My dissertation examines Renaissance authors investment in the Hermetic tradition. This tradition is based on the Hellenistic Egyptian philosophical-theological writings ascribed to Hermes Trismegistus, which emerged in parallel with early Christianity, Neoplatonism, and Gnosticism. The Hermetic tradition gained importance in the Renaissance with Marsilio Ficino's translations and soon became an alternative avenue for the exploration in the spiritual conception of the 'self' as divine, a conception previously closed off by medieval orthodox religious and secular traditions. I argue that principal figures in the Renaissance and Restoration—Shakespeare, Bacon, and Milton—were engaged in constructing this Hermetic mode of thinking to illustrate individuals' ability and responsibility for 'saving' themselves through the gnosis of self-discovery, the gnosis that emphasized living with and in the presence of God. The Hermetic discourse is well documented in the history discipline by such scholars as Lynn Thorndike, Frances Yates, and D. P. Walker. Yet, in the literary discipline, there have not been sufficient discussions for locating the influence of the Hermetism on Renaissance and Restoration literary authors. In this way, I fill the gap in Renaissance scholarship and classroom teaching by showing that these authors used rhetorical maneuvers and symbols to illustrate the Hermetic mode of thinking as a major defining feature in their arguments for a new epistemology.'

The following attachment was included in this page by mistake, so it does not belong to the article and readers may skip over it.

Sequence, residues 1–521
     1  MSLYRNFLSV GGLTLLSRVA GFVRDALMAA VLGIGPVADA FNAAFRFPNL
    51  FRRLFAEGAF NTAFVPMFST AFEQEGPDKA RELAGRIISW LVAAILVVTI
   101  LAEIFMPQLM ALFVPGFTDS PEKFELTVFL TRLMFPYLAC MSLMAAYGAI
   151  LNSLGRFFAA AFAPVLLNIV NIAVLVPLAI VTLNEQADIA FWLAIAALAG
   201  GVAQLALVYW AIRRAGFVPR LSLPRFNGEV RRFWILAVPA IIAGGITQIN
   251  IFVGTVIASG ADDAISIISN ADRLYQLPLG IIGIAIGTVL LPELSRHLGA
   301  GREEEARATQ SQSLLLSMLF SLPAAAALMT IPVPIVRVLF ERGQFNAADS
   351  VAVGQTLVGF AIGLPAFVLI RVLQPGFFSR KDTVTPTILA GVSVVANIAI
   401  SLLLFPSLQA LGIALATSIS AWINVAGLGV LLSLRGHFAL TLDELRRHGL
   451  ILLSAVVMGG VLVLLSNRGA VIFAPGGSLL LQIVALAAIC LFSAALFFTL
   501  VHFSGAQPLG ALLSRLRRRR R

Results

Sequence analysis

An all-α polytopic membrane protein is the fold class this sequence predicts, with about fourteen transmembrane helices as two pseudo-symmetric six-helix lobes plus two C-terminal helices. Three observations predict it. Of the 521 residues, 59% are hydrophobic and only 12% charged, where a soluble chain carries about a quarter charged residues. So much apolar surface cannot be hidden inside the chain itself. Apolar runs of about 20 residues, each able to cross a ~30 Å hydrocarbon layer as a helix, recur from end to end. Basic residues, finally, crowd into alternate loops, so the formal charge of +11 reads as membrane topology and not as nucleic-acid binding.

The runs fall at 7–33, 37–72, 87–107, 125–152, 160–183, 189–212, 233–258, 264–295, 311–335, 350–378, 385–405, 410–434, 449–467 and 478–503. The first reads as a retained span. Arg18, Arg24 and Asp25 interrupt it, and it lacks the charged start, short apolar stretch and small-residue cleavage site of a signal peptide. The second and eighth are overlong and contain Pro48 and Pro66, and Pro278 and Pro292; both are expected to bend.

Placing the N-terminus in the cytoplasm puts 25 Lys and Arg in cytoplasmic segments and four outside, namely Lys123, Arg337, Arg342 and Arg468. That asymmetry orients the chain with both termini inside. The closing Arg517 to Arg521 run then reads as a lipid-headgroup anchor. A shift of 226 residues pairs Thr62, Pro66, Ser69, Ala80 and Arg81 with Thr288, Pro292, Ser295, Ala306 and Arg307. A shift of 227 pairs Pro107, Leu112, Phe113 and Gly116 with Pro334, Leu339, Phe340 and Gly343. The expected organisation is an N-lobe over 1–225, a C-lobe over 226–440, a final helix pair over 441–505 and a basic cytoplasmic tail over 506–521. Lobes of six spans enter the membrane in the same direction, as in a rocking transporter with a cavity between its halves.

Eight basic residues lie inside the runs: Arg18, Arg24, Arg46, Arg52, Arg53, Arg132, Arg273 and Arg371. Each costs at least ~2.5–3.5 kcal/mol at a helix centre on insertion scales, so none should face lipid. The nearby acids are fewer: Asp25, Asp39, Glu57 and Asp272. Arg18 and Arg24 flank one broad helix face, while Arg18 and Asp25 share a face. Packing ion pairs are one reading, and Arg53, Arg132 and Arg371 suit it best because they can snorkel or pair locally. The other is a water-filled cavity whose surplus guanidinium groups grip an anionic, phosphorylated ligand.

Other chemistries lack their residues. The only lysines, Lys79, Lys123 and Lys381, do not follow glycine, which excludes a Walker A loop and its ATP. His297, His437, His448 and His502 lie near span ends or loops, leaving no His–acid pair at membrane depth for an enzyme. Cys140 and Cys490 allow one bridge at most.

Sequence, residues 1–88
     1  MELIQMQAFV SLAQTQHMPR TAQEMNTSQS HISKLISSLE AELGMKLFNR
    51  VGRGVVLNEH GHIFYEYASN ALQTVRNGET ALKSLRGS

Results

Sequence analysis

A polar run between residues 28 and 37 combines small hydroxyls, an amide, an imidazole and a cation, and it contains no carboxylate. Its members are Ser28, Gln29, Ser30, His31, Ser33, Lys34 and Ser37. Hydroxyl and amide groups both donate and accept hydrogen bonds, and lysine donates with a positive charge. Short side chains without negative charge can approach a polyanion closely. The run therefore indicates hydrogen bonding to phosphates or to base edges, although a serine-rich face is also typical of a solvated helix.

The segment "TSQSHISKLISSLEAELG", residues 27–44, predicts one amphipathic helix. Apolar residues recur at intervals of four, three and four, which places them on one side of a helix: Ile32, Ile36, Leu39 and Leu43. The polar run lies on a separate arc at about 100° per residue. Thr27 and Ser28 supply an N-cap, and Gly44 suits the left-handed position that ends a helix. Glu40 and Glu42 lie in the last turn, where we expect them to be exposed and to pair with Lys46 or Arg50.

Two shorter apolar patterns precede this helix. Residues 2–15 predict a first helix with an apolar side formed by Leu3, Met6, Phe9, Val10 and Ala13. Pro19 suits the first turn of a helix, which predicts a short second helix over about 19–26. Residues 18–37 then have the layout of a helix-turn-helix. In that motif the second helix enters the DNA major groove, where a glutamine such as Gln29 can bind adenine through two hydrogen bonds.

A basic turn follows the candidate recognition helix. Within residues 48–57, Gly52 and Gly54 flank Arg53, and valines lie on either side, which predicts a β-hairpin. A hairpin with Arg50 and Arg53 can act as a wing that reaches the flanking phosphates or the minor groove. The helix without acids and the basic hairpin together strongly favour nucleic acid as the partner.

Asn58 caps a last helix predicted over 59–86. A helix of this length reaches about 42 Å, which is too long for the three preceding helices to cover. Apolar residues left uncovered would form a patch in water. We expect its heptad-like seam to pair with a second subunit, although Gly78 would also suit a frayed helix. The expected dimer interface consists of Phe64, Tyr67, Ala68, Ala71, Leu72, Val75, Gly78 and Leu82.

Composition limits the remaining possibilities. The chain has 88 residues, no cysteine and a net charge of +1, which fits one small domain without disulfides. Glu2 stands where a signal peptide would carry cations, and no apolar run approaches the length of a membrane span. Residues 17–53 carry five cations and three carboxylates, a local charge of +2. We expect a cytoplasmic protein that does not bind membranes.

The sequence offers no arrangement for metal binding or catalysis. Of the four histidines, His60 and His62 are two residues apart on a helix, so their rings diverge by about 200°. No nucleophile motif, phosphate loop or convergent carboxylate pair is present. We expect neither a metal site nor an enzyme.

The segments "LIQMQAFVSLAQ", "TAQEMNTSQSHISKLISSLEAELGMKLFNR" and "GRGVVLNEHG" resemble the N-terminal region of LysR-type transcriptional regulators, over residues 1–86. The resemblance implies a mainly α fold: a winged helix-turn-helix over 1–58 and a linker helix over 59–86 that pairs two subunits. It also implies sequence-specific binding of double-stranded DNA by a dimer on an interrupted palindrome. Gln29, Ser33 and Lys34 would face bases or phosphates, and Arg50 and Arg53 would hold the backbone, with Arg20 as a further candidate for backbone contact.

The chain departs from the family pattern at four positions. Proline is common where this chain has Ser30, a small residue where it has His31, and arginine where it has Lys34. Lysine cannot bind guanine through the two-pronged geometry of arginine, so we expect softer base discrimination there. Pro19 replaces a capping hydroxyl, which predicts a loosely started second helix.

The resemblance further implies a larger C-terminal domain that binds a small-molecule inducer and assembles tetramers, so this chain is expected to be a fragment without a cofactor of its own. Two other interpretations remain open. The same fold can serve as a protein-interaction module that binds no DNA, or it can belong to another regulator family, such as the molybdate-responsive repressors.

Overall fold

Level of Degree
First Committee Member (Chair)
Second Committee Member
Third Committee Member
Hermetism in literature, Shakespeare, William, 1564-1616--Criticism and interpretation, Bacon, Francis, 1561-1626--Criticiam and interpretation, Milton, John, 1608-1674--Criticism and interpretation
Amundson, Cassandra. "The Path to Personal Salvation: The Hermetic Trope of Self-Mastery in Shakespeare, Bacon, and Milton." (2010). http://digitalrepository.unm.edu/engl_etds/7